Obsessive Thoughts, and Finding Your Mission

I had volunteering this morning. For some reason we were preparing fewer bags of food this week. The number varies from week to week (I’m not entirely sure why), but not usually this dramatically. There were also some leftover bags of non-perishable food, which further reduced the number we needed to get ready. The result was that I was finished before 10.00am, rather than between 10.30am and 11.00am as usual. I think there were other tasks I might have been able to help with, but I was not unhappy to leave earlier, as days when I do both volunteering and therapy are tiring and I was glad of the extra time to recover and do other things.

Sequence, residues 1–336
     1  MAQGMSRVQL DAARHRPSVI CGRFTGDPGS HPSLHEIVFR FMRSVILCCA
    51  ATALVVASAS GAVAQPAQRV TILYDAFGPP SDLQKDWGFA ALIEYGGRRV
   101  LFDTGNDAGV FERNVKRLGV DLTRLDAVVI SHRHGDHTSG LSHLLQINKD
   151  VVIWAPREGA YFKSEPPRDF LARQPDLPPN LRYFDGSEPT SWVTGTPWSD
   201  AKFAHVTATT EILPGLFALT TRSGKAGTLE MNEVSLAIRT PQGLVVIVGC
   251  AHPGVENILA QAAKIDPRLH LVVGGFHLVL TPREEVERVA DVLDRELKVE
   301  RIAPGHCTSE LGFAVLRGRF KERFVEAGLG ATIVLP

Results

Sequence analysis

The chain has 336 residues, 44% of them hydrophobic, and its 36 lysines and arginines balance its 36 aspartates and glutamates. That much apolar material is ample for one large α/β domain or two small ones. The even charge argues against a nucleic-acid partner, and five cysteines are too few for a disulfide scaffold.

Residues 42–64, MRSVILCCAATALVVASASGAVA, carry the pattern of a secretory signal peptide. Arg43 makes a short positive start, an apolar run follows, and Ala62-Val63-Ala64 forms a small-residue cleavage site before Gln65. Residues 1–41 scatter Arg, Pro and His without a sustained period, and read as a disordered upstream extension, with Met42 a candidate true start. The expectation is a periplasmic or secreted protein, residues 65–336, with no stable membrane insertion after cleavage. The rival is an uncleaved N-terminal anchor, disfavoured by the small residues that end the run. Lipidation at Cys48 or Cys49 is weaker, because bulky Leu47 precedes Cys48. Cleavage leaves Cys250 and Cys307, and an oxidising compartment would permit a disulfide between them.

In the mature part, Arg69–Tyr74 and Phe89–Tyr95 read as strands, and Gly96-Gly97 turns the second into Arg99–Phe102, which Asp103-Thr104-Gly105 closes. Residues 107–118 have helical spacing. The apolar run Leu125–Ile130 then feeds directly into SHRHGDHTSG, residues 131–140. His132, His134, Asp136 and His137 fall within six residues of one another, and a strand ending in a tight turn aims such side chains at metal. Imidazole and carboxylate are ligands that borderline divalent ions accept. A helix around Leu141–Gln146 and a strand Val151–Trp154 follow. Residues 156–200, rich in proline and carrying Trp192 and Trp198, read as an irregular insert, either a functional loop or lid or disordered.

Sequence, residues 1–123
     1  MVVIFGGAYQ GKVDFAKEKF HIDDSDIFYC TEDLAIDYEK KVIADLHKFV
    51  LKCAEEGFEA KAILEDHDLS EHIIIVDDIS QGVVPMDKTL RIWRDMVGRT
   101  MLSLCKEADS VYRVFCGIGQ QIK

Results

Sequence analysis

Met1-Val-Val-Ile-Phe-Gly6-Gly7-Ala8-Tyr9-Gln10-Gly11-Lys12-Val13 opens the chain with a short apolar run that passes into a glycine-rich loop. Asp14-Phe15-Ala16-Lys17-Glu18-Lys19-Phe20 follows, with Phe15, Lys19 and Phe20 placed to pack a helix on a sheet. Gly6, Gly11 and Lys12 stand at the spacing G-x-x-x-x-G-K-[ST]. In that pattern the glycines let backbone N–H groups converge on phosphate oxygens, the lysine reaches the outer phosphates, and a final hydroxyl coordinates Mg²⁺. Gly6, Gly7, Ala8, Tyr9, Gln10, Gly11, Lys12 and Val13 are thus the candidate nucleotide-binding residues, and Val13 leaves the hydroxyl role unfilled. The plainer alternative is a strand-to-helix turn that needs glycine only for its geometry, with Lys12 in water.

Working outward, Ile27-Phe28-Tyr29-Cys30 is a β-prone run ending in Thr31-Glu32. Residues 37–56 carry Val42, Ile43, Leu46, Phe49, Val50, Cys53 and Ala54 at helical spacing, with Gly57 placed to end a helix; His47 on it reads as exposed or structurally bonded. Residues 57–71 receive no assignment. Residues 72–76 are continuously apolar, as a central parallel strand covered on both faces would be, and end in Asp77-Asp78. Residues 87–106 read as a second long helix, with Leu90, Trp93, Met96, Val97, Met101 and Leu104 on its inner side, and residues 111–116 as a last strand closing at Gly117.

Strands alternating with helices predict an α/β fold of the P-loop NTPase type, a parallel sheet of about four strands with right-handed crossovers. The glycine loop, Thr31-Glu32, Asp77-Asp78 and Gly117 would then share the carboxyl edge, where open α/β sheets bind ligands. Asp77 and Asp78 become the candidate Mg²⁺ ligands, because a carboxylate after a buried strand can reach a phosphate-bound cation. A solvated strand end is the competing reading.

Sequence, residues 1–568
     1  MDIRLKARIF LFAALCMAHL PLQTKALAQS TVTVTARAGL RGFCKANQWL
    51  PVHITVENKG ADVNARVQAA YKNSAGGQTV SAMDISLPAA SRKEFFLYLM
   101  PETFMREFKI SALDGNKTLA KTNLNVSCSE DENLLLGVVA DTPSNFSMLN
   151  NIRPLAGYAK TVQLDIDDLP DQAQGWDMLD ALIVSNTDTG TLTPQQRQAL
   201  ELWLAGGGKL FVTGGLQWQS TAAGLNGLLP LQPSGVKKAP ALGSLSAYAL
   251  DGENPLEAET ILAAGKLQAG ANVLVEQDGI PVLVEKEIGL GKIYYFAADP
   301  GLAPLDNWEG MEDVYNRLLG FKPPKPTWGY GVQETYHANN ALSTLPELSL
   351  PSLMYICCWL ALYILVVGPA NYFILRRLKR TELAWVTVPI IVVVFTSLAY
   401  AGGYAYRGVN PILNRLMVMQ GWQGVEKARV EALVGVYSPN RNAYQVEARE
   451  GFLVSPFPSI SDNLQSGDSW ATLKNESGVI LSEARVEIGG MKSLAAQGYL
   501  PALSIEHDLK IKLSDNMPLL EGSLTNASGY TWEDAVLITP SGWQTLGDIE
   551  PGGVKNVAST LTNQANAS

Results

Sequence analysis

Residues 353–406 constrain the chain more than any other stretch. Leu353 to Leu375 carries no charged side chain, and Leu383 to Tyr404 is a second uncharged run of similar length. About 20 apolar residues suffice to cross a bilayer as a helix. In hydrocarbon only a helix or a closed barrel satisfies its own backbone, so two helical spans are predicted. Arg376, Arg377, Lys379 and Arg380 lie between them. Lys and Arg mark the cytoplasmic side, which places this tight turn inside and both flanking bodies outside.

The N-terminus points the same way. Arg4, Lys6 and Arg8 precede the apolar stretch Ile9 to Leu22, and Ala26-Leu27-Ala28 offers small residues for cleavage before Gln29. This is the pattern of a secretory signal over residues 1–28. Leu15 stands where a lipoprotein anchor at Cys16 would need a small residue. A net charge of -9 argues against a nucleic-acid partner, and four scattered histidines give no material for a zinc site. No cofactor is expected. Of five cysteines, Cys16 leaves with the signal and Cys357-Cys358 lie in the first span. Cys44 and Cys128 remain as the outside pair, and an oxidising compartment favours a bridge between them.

In the afternoon I tried to create a revised version of my Doctor Who book on Lulu.com so I could sell it at a lower price, but the system is still misbehaving, telling me I need to select a book size even though I already have done so. I emailed the helpdesk again, although I did not find their previous response particularly helpful. They emailed back to say that I can’t publish a new version of my book without starting from scratch (which admittedly wouldn’t be a huge problem, but still isn’t right) because since I published the book, they’ve changed the site. This is a bug, apparently. Hmm.

I worked on my novel for a little under an hour. I procrastinated, I didn’t make much progress and I’m not happy with what I did write, but I wrote something, which I guess is the important thing, just to keep hammering away at it.

***